• The team approves the design. Owners, architects, and engineers work together with the other stakeholders in a project during the design phase to ensure the building is viable according to the terms of the contract. This keeps everyone on the same page from the very beginning and can help mitigate any potential delays The design team benefits from having engineers, general contractors, and other professionals offer feedback.
  • Once the building permits are in, construction begins. Daily construction may only involve the general contractor and project management team, but everyone on the IPD team remains in the loop in case any issues or timeline delays arise. 

Advantages of the IPD

An IPD incentivizes all project team members to work together since everyone is financially responsible for the success of the project. When team members work together, it reduces misunderstandings. 

  • Promotes clear communication. Due to the nature of an IPD construction project, where all stakeholders are accountable, the delivery method also promotes communication and frequent cross-team check-ins.
  • Incentivizes quality. The shared accountability incentivizes team members to perform at their best, elevating the quality of the project. 
  • Increases productivity. IDP reduces waiting time between different phases of a construction project since each team is involved in every phase. For example, the general contractor can get a head start on ordering materials and equipment because they take part in the design phase of the project and know the project’s needs.

Disadvantages of the IPD

Some advantages of the IPD make it a riskier proposition for project owners.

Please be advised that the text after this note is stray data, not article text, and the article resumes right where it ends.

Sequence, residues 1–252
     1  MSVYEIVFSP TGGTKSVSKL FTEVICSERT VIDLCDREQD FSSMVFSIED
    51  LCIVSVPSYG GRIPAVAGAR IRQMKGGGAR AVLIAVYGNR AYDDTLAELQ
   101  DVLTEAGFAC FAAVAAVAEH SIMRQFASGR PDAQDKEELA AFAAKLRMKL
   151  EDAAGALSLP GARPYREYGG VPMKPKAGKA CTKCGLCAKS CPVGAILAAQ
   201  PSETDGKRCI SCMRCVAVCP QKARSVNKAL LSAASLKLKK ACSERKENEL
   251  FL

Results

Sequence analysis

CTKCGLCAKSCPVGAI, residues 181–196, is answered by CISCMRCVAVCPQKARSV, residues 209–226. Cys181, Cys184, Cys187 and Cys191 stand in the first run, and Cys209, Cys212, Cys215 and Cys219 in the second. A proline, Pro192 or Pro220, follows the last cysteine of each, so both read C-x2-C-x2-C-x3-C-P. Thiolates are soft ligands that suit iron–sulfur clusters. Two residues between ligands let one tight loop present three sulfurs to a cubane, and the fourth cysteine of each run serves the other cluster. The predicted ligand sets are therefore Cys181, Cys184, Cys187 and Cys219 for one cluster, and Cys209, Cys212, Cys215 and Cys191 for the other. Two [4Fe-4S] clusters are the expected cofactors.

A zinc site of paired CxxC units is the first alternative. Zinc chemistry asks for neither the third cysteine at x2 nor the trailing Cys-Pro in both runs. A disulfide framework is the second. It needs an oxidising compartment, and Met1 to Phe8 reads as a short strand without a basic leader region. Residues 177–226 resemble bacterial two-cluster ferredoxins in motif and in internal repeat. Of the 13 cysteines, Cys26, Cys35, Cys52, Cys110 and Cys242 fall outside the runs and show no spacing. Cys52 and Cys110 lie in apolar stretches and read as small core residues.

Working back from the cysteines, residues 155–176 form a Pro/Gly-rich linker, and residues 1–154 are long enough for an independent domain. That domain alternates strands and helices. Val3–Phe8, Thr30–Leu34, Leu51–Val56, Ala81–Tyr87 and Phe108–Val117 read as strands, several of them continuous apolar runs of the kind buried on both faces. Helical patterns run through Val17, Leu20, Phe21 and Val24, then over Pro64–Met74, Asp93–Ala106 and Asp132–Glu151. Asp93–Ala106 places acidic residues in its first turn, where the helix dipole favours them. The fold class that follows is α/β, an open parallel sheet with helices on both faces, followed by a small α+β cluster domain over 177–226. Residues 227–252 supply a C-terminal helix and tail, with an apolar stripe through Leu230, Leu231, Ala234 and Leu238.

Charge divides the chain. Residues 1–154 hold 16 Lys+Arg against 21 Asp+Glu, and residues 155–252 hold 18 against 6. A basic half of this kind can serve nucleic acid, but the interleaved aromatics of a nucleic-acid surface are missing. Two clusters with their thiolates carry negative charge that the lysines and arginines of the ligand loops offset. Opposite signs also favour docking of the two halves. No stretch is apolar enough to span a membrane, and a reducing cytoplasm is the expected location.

• Individual performance affects the entire project. One team member’s underperformance compromises the entire timeline and other stakeholders. 
  • Group decision-making can slow the process down. In IPD projects, the entire group must come to a consensus on all parts of the project, which is not as time-effective as other types of project delivery methods, like design-bid-build. IDP contracts typically stipulate a form of group consensus for decisions on the project, which can also slow down the overall construction process.  
  • High project costs. Though IPD projects often implement lean construction, meaning they emphasize efficiency, zero-waste materials, and cross-over between the design and construction phases, it is generally a higher cost project delivery method because of the risk involved. In IDP contracts, all parties are contractually bound to each other, meaning that one team’s delay has ripple effects across the entire construction project. Because of the increased liability inherent in this project delivery method, owners often pay teams more than they ordinarily would for other, traditional project delivery methods.

MT Copeland offers video-based online classes that give you a foundation in construction fundamentals with real-world applications, like project delivery methods. Classes include professionally produced videos taught by practicing craftspeople, and supplementary downloads like quizzes, blueprints, and other materials to help you master the skills.


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DR. KENNETH SANDS

Dr. Kenneth S. Sands II is an Assistant Professor in the Construction Management Program at Florida Gulf Coast University in Fort Myers, FL, and an experienced construction management professional. He holds a doctorate in Environmental Design and Planning from Virginia Tech in Blacksburg, VA. He’s also worked as an estimator and project manager, with previous experience in purchasing, buyout and project site supervision. Dr. Sands’s passion for the construction industry was inspired by his father’s work as a carpenter.